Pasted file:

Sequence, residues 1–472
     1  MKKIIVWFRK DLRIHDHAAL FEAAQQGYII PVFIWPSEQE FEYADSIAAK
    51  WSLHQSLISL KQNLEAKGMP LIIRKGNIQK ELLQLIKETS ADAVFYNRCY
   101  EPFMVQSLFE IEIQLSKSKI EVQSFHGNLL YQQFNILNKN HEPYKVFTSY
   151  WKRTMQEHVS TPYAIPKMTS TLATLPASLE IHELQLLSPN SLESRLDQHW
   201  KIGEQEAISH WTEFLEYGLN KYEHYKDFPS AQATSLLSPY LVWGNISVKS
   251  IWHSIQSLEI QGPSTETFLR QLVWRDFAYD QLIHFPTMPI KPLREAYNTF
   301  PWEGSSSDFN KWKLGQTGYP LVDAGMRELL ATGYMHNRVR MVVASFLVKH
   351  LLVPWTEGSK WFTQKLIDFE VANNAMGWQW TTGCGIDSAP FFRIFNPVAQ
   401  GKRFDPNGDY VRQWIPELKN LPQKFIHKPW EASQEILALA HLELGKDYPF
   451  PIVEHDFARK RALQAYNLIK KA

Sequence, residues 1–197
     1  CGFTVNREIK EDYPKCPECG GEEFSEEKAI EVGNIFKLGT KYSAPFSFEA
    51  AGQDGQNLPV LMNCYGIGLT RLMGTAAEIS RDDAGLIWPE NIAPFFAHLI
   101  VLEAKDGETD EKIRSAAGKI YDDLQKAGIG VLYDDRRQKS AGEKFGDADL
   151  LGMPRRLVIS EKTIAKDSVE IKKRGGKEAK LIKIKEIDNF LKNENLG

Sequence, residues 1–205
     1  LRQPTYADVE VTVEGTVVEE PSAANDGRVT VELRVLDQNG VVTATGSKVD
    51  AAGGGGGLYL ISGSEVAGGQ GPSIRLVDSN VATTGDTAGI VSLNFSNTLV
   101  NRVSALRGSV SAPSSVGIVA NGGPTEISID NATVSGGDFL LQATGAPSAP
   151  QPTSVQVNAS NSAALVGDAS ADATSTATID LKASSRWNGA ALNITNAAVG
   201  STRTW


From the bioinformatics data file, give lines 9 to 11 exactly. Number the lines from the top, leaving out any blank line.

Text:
   351  LLVPWTEGSK WFTQKLIDFE VANNAMGWQW TTGCGIDSAP FFRIFNPVAQ
   401  GKRFDPNGDY VRQWIPELKN LPQKFIHKPW EASQEILALA HLELGKDYPF
   451  PIVEHDFARK RALQAYNLIK KA